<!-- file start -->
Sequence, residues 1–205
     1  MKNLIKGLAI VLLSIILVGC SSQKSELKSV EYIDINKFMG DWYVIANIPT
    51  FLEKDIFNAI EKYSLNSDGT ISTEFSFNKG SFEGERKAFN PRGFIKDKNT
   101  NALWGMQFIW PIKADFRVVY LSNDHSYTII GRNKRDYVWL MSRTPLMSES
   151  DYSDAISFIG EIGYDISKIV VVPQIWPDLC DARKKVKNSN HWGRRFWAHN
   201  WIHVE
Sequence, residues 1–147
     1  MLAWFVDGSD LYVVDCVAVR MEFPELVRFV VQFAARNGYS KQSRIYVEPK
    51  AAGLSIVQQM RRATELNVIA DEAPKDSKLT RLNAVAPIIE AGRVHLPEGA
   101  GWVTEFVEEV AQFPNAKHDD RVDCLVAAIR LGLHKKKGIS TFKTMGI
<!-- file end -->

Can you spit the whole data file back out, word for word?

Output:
Sequence, residues 1–205
     1  MKNLIKGLAI VLLSIILVGC SSQKSELKSV EYIDINKFMG DWYVIANIPT
    51  FLEKDIFNAI EKYSLNSDGT ISTEFSFNKG SFEGERKAFN PRGFIKDKNT
   101  NALWGMQFIW PIKADFRVVY LSNDHSYTII GRNKRDYVWL MSRTPLMSES
   151  DYSDAISFIG EIGYDISKIV VVPQIWPDLC DARKKVKNSN HWGRRFWAHN
   201  WIHVE
Sequence, residues 1–147
     1  MLAWFVDGSD LYVVDCVAVR MEFPELVRFV VQFAARNGYS KQSRIYVEPK
    51  AAGLSIVQQM RRATELNVIA DEAPKDSKLT RLNAVAPIIE AGRVHLPEGA
   101  GWVTEFVEEV AQFPNAKHDD RVDCLVAAIR LGLHKKKGIS TFKTMGI